Richard_Figler,_MD: The first step in diagnosing concussion is being educated about the signs and symptoms of concussion. If you are unaware of the signs and symptoms, you may miss the diagnosis. In essence, anyone that sustains a head injury and then has symptoms such as headaches, dizziness, being off balance, confused, trouble focusing, or nauseated, etc., has a concussion until proven otherwise. It is a ‘functional’ as opposed to a ‘structural’ injury. Therefore, one does not need to undergo MRIs or CAT scans to diagnose a concussion. Typically, standardized symptom check lists are used with questions that evaluate memory, and a neurological examination is conducted, including balance, coordination and reaction time, are all used to help diagnose a concussion. We have other tests utilizing computers and iPad-like devices that can help monitor the neuropsychological recovery of the athlete (includes visual and verbal memory). These tests are more useful if there is a baseline test done prior to the injury to assure that the athlete has returned back to ‘normal’.
Vestibular Therapy for Head Injuries
Nursegoodbody: My 14-year-old son sustained a head injury during soccer practice one month ago. He has seen our general practitioner and a CT scan that was negative. He had an impact test done twice, which showed significant changes from his baseline done one year ago. Vestibular therapy was recommended, and he had his first evaluation last Friday. He continues to have headache and dizziness at times, is very sensitive to light, and has not been able to tolerate a full day at school yet. We have limited his activities, television, computer screen, phone and bright lights, and of course sports, but his recovery isn't progressing like I'd hoped. How successful is vestibular therapy for treating head injuries? How long does the treatment need to last? Are there any other options?
Richard_Figler,_MD: Vestibular therapists are a vital part of our multidisciplinary team. They are great at treating dizziness, neck pain and balance issues that can be very prevalent in concussions. It does sound like your son is still suffering symptoms that may need further evaluation to point out some other management options for him to improve his day-to-day function. I would recommend that he sees a physician who specializes in concussion management. We tend to apply an ‘identify-and-avoid-triggers’ technique to limit the stimuli that would cause worsening symptoms. Sleep is typically an issue as well, and would more than likely need to be addressed. (The brain recovers with sleep). Although the vestibular therapist is a great start, he may need to see someone else in the ‘concussion team’.
Improved Helmet Design for Head Injury Prevention
kd2frei: What are your thoughts on the helmet caps that I have seen in the media this week? Do they work with the same technology as the mouth guard? Do they help in reducing the impact of collisions in football? They state that they may reduce impact by 33 percent. Should they be adopted by school districts or sports leagues?
Richard_Figler,_MD: It seems like a good idea that putting more cushion on a helmet will decrease the force transmitted to the brain to decrease a head injury or concussion. But, unfortunately, there is little evidence that has shown that they decrease the incidence of concussion. Hopefully, further research will show it decreases the incidence of concussions to protect our athletes. Proper-fitting equipment, abiding by the rules, knowing rules changes, proper tackling technique, and ‘seeing what you hit’ (or not leading with your head in football) are probably better ways to decrease concussions. We all hope that helmets will be better designed to decrease the risk of concussions, but it is elusive due to the nature of this collision sport.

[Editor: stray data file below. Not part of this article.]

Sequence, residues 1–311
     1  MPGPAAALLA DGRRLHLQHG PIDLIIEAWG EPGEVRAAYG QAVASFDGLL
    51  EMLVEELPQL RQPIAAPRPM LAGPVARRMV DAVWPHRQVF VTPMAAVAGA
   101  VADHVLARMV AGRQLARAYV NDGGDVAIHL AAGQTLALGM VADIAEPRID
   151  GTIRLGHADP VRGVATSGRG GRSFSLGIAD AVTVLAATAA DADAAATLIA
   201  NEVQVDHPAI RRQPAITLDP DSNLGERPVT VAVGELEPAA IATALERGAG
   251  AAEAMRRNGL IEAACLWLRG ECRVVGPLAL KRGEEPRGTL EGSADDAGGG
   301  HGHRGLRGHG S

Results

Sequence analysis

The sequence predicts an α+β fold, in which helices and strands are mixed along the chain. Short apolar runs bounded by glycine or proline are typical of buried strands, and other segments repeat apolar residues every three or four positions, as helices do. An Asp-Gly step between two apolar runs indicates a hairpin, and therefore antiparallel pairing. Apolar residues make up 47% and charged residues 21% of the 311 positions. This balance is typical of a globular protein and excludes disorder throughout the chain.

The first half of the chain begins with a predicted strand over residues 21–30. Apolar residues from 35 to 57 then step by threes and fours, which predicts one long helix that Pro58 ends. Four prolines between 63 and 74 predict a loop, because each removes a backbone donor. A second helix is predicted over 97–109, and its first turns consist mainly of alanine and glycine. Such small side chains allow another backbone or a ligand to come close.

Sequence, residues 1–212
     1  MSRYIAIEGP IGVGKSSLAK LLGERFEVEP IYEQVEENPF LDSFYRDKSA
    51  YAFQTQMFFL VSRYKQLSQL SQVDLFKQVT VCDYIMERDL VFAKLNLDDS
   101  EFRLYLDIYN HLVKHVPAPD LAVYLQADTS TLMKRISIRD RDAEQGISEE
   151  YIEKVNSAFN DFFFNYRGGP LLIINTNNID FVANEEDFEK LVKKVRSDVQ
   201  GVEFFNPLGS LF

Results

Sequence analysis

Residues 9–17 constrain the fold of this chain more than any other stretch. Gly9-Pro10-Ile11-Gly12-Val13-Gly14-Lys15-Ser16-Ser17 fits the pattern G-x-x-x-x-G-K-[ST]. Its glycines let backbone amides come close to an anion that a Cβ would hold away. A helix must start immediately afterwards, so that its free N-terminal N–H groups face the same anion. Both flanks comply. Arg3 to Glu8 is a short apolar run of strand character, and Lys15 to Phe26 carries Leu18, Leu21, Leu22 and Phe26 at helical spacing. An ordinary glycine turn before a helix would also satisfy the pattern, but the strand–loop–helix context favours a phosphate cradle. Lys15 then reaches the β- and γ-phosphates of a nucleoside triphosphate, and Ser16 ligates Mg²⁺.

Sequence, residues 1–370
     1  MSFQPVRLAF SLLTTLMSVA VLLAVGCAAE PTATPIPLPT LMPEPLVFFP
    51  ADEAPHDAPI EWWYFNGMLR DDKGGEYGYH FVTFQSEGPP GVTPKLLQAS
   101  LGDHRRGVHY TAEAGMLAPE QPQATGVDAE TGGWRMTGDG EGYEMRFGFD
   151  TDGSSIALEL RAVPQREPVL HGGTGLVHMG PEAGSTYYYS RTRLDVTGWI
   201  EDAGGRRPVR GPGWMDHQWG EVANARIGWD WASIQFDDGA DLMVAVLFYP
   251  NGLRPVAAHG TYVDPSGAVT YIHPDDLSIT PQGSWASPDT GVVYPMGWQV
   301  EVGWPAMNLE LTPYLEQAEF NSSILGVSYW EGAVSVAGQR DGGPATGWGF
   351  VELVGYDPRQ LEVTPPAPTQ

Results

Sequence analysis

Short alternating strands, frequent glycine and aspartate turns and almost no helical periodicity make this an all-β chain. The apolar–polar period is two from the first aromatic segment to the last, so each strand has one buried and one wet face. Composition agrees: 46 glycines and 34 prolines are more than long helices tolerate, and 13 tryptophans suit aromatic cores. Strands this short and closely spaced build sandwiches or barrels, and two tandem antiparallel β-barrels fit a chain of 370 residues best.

Impact Severity Testing with Mouth Guard and Mouthpieces
TisTheSeason: I believe my school district is using a type of mouth guard to detect concussions. How does it work and should it be used for sports other that football such as ice hockey?
Richard_Figler,_MD: No mouthpiece or mouth guard can prevent concussion—they are used to prevent dental and oral trauma. The mouthpieces you ask about are ones that have imbedded accelerometers and impact sensing devices that can tell how ‘hard’ the hit was or how much ‘rotation’ occurred. Unfortunately, they cannot diagnose concussions, but they can make one aware of a hard hit that may induce a concussion. We don't know the exact amount of force that would cause a concussion—there are just too many other variables that go in to the injury. It is a good tool that should help us with research in the future to help develop better equipment that may decrease the severity of concussions, but they are still in the research phase.
Sports after Torticollis and Fracture
CheerMom: My 9-year-old daughter is an 'all-star' cheerleader, meaning she participates in highly athletic and gymnastic tumbling moves. Although she still has to master complex tumbling, she has already sustained torticollis to her neck last year for which she received physical therapy. Is she more prone to re-injure her neck because of this? Also, as a toddler she fractured (clean break) of her right forearm. Does this mean she would be more susceptible to breaking it there again?